Point Park students have been hired after performing in New York City. Photo by Katie Gling, Courtesy Point Park

How to Prepare for When Directors Attend Your School's Performance

College faculty want to help you build a bridge to the working world. So it should be no surprise that they sometimes invite in artists who could potentially hire you someday. "At NYU Tisch, opening night is typically open to alumni, many of whom are working choreographers, and we invite artistic directors to the final night of the run—each one gets a press kit with the graduating dancers' bios, and we host a reception afterward," says Seán Curran, chair of that dance program. "We're not agents, but with a little help, many of our students make their own chances."


How to Prepare

Do your research. If you have advance notice that a choreographer or director will be in attendance, spend a little time brushing up on their work. Take a look at their website, watch performances on YouTube, and read press on the company to understand their vision, suggests Garfield Lemonius, chair of the dance department at Point Park University.

Stay the course. Don't change your approach in performance to impress someone in the audience. "Maybe that choreographer's style requires performing with a lot of abandon—it doesn't matter," says Mary Lisa Burns, dean of dance at New World School of the Arts. "Any choreographer is going to expect to see you fulfill the work you're performing as asked, even if it's not like theirs."

Trust the process. If knowing that a scout is out there amplifies performance anxiety, try to lower the stakes in your mind, says Lemonius. Trust that your classes and rehearsals have prepared you.

Robert Battle teaches New World School of the Arts students.

Maria Flores, Courtesy New World School of the Arts

Next Steps

  1. If an artistic director reaches out to you and you don't have a deep knowledge of the company, go see a performance in person and sit down with any alumni in the company if you can, suggests Burns.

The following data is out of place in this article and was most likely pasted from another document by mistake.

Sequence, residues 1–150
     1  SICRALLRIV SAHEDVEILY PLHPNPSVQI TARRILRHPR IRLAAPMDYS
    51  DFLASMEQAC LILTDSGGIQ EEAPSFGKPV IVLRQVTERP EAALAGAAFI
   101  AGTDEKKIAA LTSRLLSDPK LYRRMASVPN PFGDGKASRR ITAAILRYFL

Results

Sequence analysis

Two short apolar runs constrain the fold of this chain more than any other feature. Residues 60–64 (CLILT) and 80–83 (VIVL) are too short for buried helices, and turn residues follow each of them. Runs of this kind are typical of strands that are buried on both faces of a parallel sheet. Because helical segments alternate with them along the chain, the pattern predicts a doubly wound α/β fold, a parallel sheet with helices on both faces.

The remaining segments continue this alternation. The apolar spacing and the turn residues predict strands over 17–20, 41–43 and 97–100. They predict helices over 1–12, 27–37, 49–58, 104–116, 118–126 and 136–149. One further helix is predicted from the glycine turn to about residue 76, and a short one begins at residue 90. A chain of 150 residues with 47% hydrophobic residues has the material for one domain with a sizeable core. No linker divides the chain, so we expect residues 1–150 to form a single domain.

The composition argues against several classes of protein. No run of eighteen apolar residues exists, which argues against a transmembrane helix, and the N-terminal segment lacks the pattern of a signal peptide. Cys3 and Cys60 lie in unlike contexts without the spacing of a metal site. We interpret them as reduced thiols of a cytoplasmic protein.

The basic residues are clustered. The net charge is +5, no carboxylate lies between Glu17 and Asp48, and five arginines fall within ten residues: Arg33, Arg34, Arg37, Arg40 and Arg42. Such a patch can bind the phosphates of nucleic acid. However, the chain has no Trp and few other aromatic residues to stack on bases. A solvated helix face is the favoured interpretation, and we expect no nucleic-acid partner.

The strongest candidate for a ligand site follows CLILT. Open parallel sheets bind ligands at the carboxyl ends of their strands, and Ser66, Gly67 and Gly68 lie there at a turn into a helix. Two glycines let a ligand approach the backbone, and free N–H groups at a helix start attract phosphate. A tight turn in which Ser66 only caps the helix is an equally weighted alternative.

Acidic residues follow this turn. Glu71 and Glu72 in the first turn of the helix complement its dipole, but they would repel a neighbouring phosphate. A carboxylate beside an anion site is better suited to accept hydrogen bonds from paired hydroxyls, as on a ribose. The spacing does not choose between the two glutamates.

2. A choreographer's first move will typically be to invite you to a company class or an upcoming audition, says Lemonius. Use this opportunity to show how you'd interact with the rest of the dancers and get a feel for the culture.
  3. Before making a decision, consider where you want to be in six months, a year or even five years. "You need to know enough to say 'Yes, I'd love to' or 'No, that's not right for me,' " Burns says.

Students at NYU Tisch School of the Arts

Travis Magee, Courtesy NYU

How They Got Scouted

"Gaspard Louis was invited to a performance and came up to me after to ask about a student—I connected them right away. And after a master class, Akram Khan was drawn to several of our dancers and asked if I would send them to an audition for his new work at The Shed. One of them got a contract while he was still in his final semester." —Seán Curran, NYU

"Rasta Thomas became interested in Kenny Corrigan for the Bad Boys of Ballet when he watched a Point Park performance at New York City Dance Alliance Foundation's Destiny Rising event in 2013. At the same show last year, Roni Koresh saw student Callie Hocter—she had auditioned for him in the past, but the performance solidified that he wanted her in the company." —Garfield Lemonius, Point Park

Latest Posts


Ballet BC dancers Tara Williamson, left, and Darren Devaney in RITE by Emily Molnar. Photo by Chris Randle, Courtesy Ballet BC

Why Do Mixed-Rep Companies Still Rely on Ballet for Company Class?

In a single performance by a mixed-rep company, you might see its shape-shifting dancers performing barefoot, in sneakers and in heels. While such a group may have "ballet" in its name and even a rack of tutus in storage, its current relationship to the art form can be tenuous at best. That disconnect grows wider every year as contemporary choreographers look beyond ballet—if not beyond white Western forms entirely—in search of new inspiration and foundational techniques.

Yet dancers at almost all of the world's leading mixed-rep ensembles take ballet classes before rehearsals and shows. Most companies rarely depart from ballet more than twice a week and some never offer alternative classes.

"The question, 'Why do you take ballet class to prepare you for repertory which is not strictly classical?' has been in the air since Diaghilev's time," says Peter Lewton-Brain, Monaco-based president of the International Association for Dance Medicine & Science. "What you're doing onstage is often not what you're doing in class."

GO DEEPER SHOW LESS